“The key blow for me was the Daulton Varsho three-run home run. It really gave us that big cushion and broke this game open. But it was set up by quality at-bat after quality at-bat. Pavin (Smith) with four hits, David (Peralta) with three hits. Guys on base, a season high in base hits — it was a good day. Something that this team needed from an offensive standpoint after getting pushed around and bullied for the past couple of days.”

Lovullo added later that he wanted to go “full throttle” and “get after it.” He told pitching coach Brent Strom that he didn’t trust anything, despite the five-run lead, since the team had lost five in a row.

Dallas Keuchel

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Keuchel told Lovullo before the game that he was a bit anxious and feeling “a little nervous,” something Lovullo said he was “kind of thrilled to hear him say” because he “knew (Keuchel) was ready for this challenge.” Keuchel confirmed that, saying “right before the first pitch, it was like my heart rate just started skyrocketing. So I was trying to hone that in, and I was very fortunate the first inning to get out of it unscathed. I didn’t expect to throw 99 pitches or 98 pitches in four and a third.

“But there were a lot more pros than cons today. I myself expected to come out and throw five or six innings, but that’s obviously the competitor in me. That’s a really good squad over there, and they played a lot better than what their record shows. I’ll take the win, though. That was a great team win on a getaway day.”

Comfortability

Keuchel said there was “a comfortability factor” in facing a team that, while he was in the AL Central with the Chicago White Sox, he was rather familiar with. “But there also were some nerves involved just because of the month layoff,” he admitted. “I knew my stamina was going to be better than I expected just because I pushed myself last start 90-some pitches. But then again, it was like hey, I’m gonna have to make some pitches because these guys know me so well (from) the last three years.

“It was gonna be hey, wait and see what happens. Early, I got myself in some bad counts I was able to get out of the first inning. The second inning, I wasn’t so lucky. But I kind of corralled that inning, and I was doing some things that I wasn’t able to do probably three or four starts — half and half — in Chicago. Half were really good, half were really bad. So for me to corral some of that stuff, and really dig in and make pitches, is a big confidence booster. Moving forward, should be really, really good.”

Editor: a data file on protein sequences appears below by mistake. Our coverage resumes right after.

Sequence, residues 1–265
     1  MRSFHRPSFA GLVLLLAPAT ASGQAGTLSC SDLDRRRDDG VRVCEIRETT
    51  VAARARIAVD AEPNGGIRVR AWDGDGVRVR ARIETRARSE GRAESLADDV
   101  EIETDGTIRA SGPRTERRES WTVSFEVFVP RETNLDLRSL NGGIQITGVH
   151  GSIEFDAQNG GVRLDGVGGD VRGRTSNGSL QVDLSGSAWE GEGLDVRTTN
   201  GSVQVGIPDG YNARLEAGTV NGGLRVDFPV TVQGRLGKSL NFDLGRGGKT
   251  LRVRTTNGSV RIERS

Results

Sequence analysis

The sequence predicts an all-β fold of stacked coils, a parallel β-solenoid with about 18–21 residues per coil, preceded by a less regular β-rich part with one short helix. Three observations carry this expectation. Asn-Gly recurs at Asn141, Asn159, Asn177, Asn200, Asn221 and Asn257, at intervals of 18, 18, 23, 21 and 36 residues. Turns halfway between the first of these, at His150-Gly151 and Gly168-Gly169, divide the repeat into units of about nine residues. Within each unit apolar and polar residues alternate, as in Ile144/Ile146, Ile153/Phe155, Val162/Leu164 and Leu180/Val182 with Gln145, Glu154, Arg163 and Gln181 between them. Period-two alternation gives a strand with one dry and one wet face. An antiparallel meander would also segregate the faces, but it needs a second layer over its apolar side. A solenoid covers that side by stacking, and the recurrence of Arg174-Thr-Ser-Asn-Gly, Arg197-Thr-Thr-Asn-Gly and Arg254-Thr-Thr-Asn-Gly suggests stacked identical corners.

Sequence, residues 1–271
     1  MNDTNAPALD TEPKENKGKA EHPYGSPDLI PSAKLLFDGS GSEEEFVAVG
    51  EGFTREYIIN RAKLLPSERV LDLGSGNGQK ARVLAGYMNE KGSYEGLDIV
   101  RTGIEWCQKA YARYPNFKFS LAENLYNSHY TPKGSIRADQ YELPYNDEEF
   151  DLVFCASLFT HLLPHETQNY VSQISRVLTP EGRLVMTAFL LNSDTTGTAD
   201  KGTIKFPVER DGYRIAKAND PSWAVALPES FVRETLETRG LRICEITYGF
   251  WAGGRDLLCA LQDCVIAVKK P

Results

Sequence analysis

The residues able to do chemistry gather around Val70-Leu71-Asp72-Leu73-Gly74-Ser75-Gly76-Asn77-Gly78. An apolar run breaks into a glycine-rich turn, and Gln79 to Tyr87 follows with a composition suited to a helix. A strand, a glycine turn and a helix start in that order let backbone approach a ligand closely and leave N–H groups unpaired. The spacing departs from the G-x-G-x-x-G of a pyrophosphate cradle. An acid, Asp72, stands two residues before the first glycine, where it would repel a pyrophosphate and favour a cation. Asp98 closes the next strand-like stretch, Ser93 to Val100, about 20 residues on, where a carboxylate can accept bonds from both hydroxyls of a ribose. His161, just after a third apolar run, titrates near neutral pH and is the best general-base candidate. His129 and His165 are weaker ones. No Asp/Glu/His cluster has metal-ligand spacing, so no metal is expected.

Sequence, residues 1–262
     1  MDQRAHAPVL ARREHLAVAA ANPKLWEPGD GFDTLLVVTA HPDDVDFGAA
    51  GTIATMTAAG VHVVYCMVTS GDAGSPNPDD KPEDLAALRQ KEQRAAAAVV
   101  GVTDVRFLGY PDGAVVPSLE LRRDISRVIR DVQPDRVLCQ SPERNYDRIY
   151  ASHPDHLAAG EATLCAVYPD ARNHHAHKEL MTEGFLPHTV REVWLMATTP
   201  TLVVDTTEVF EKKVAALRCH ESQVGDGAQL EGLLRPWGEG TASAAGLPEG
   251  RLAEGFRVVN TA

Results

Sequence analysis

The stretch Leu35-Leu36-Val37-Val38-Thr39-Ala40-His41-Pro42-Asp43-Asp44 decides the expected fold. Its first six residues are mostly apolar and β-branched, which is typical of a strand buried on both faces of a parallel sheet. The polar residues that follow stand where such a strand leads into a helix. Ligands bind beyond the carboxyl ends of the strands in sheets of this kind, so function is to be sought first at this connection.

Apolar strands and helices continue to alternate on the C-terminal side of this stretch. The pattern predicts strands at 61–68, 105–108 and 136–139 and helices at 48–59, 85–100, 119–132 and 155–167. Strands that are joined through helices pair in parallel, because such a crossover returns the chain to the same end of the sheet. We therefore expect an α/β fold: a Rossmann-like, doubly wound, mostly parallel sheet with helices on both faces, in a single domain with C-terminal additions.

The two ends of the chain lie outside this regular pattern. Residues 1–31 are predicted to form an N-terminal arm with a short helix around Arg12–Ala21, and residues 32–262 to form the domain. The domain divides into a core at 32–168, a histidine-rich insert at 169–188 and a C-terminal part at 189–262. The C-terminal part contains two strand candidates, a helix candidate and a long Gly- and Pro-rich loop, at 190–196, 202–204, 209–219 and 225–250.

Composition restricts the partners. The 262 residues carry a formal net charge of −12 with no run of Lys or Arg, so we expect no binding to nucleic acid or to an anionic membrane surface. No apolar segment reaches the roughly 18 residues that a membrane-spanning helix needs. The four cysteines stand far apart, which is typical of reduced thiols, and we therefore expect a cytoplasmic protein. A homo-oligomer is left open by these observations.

Carson Kelly

For Kelly, who entered the game slashing .115/.161/.138 (10-for-87) with two doubles, a .141 wOBA, and -12.5 wRAA, the home run was a much-needed step in the right direction. “It was good,” he said. “taking the things I’ve been working on the last couple of days and applying them in the game. Ultimately, you go out there and execute, and today it was good.” It translated into a 1-for-3 day with a walk, two RBI, and two runs scored.

When asked if it seemed like Kelly had a giant monkey climb off his back on the home run, Lovullo said, “Yeah, for sure. He’s been grinding, whether it’s injuries, lack of production, frustration — those are things that all players go through, and he’s been wearing it as well as anyone, taking it head-on. The swings over the past week, the practice he’s been getting, has been very, very productive. Those things that I’m noticing in practice have been translating into the game, and I felt like this moment was imminent. It was a great swing on a pitch he could handle, and he didn’t miss it…. I was happy for Carson.”

Looking Ahead

Wendelken (2–1) earned the win, while Will Vest (1–2) took the loss, both in relief. The Diamondbacks (33–41) and Tigers (28–44) both have days off Monday and Thursday, with a two-game series sandwiched inbetween. While the Diamondbacks host the San Diego Padres (45–30), the Tigers will conclude their road trip at Oracle Park against the San Francisco Giants (39–33). Left-hander Tarik Skubal (5–5, 3.63 ERA) will start for the Tigers against Giants lefty Carlos Rodon (6–4, 2.70 ERA). Back in Phoenix, righty Zac Gallen (4–2, 2.92 ERA) and lefty Sean Manaea (3–3, 3.87 ERA) will start for the Diamondbacks and Padres, respectively. The games will start five minutes apart — 6:40 pm Arizona/Pacific Time for the Diamondbacks-Padres and 6:45 pm Pacific for the Giants-Tigers.

Main Photo:

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Players/managers mentioned:

Pavin Smith, David Peralta, Beau Brieske, Dallas Keuchel, Spencer Torkelson, Daulton Varsho, Eric Haase, Willi Castro, Geraldo Perdomo, Carson Kelly, Josh Rojas, Ketel Marte, Christian Walker, Riley Greene, Buddy Kennedy, Jonathan Schoop, Harold Castro, Robbie Grossman, Alex Lange, Miguel Cabrera, J.B. Wendelken, Will Vest, Kody Clemens, Torey Lovullo, Brent Strom, Carlos Rodon, Tarik Skubal, Zac Gallen, Sean Manaea